Shouldn’t criminal matters be investigated by the police?  Not according to the mouthpiece of Survivors,  Dana Bolger, who’s letter appeared in the Wall Street Journal today:

In arguing that police and courts should exclusively handle campus sexual assaults, Michael Poliakoff (“College Men Litigate for Due Process,” Letters, March 31) elides the different purposes of criminal law and student discipline. While college responses to sexual harms never preclude police involvement, schools are required to address victims’ needs—including mental-health care, dorm changes and protection from an assailant’s continued presence—as part of civil-rights law. The police treat rape only as a crime, but Title IX recognizes sexual assault as a form of sex discrimination, the effects of which must be ameliorated to ensure gender equity on campus and beyond. To remove schools’ long-standing right to take action to ensure safety on campus would undermine not only services to individual victims but also our greater national project of social progress through education.

Dana Bolger

Alexandra Brodsky

Know Your IX

Washington

If rape is our culture,  yet we know the rape study is bogus, can we at least have an open and honest discussion about it at, say, Brown University?  Nope. Not gonna happen. Unless this discussion provides “safe spaces”–a room to give students, who might find comments troubling or triggering, a place to recuperate. These safe spaces are rooms equipped with cookies, coloring books, bubbles, Play-Doh, calming music, pillows, blankets and a video of frolicking puppies, as well as students and staff members trained to deal with trauma.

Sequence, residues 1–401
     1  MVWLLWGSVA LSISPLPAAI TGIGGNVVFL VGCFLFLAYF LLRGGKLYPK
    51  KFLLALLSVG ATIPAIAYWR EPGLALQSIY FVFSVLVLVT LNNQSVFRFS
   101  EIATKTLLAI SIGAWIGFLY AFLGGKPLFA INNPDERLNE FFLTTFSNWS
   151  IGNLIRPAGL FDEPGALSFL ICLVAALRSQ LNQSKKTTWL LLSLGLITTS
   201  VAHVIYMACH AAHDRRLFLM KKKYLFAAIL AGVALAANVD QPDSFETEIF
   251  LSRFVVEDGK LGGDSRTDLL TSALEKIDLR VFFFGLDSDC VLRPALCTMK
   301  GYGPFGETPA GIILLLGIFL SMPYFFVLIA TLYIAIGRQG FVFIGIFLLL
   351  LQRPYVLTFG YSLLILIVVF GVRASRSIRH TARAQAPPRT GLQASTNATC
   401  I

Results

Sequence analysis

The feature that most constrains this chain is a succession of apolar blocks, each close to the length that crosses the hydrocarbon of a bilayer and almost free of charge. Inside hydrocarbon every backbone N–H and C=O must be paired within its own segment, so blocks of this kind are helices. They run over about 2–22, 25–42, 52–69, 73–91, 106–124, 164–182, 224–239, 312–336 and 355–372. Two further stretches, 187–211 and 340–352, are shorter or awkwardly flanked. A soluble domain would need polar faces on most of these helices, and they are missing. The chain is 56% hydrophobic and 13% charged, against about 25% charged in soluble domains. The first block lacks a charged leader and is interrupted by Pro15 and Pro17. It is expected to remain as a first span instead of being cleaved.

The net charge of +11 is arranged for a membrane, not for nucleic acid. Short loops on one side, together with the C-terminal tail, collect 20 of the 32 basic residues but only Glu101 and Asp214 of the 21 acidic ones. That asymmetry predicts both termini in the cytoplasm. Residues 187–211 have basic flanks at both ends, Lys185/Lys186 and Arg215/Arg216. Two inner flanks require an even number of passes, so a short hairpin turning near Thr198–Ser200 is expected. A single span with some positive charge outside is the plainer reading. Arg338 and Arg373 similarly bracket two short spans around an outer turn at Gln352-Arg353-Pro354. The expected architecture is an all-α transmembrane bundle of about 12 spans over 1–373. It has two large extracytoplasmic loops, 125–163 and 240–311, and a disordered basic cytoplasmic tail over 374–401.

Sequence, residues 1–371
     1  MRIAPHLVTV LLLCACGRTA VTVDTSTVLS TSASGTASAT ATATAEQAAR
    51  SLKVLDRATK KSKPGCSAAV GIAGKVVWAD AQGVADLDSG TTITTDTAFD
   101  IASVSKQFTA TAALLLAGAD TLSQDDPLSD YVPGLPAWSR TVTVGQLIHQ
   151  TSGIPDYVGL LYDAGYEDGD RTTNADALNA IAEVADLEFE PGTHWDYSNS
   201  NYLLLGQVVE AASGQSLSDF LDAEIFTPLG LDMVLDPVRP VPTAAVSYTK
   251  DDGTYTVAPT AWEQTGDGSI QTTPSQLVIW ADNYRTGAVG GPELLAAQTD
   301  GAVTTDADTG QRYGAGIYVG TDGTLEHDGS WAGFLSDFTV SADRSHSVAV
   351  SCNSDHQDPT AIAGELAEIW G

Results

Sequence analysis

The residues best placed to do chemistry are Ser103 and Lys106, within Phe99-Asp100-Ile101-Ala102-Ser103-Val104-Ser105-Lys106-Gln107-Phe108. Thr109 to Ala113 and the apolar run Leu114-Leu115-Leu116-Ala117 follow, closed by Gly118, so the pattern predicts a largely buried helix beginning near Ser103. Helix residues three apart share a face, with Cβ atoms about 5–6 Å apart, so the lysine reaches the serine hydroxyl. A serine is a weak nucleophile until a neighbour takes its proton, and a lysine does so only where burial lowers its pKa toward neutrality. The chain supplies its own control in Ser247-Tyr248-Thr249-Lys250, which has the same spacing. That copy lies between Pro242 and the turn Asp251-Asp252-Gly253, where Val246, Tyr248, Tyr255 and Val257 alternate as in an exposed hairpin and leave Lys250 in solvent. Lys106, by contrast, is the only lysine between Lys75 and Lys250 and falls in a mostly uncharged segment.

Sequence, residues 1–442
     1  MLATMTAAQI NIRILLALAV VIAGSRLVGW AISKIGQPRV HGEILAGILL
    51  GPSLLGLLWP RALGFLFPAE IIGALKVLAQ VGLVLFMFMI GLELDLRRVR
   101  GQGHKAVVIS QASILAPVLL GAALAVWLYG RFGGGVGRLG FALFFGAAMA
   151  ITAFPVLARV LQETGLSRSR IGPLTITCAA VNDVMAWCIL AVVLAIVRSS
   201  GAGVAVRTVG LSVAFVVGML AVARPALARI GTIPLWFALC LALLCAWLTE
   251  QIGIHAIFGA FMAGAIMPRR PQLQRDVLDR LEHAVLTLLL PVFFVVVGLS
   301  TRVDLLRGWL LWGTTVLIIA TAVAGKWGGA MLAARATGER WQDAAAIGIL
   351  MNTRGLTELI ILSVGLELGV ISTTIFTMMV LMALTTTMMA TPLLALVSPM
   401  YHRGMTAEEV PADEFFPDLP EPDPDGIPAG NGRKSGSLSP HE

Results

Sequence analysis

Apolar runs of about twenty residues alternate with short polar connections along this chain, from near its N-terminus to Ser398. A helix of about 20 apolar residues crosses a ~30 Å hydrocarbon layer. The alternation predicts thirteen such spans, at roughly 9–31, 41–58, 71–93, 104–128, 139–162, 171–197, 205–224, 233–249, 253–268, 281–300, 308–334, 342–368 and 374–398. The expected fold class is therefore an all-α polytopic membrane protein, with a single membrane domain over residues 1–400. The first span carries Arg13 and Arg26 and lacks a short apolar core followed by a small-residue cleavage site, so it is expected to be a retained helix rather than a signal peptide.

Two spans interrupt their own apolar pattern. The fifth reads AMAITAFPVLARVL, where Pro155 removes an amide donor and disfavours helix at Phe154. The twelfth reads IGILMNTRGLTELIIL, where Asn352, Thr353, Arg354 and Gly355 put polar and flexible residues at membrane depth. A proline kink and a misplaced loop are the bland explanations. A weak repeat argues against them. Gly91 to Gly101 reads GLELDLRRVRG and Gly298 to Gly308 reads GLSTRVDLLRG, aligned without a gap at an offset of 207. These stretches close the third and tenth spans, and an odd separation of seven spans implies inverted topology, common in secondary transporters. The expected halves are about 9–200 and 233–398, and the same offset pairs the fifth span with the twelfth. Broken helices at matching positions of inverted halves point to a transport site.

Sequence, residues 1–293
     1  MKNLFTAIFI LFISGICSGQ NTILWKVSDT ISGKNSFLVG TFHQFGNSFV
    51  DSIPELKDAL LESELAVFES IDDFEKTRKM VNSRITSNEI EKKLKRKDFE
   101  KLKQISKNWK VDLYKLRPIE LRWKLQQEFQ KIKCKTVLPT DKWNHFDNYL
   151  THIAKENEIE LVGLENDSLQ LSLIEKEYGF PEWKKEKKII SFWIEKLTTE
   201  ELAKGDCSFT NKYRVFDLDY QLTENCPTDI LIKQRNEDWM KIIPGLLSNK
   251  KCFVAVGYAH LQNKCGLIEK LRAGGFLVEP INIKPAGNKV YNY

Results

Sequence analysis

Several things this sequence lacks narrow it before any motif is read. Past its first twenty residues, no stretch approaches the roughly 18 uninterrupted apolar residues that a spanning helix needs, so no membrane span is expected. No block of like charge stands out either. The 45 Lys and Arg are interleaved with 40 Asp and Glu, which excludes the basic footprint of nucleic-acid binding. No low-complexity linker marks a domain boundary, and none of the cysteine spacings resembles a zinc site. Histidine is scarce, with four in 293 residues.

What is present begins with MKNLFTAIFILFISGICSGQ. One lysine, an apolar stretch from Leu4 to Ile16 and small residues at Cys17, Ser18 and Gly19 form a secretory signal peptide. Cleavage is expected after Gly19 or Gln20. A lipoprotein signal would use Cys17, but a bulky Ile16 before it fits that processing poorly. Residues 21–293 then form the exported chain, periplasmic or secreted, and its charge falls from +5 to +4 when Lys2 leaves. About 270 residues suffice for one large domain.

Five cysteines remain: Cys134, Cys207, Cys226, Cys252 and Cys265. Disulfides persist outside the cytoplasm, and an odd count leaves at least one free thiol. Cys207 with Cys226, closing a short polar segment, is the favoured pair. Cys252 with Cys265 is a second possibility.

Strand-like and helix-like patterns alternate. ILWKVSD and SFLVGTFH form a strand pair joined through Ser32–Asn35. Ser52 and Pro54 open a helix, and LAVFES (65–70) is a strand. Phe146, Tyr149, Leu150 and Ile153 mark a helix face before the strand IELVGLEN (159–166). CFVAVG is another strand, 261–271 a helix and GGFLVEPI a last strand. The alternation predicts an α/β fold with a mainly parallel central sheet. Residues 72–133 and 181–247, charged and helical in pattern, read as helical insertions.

Surely we should have a discussion of sexual violence at the gang raping campus of UVA?   Not according to the UVA Feminist Legal Forum (FLF), who had concluded prior to a scheduled UVA discussion, that the event would be “one-sided hyperbole and wouldn’t address the complexities of Title IX and sexual violence on campus.” The FLF’s hyperbole caused enough shame and pressure for the student council and Virginia Law Women to withdraw their co-sponsorship. Again, in this rampant rape culture, you must provide safe spaces from different opinions, or you will be publicly shamed, smeared, and labeled a sexist.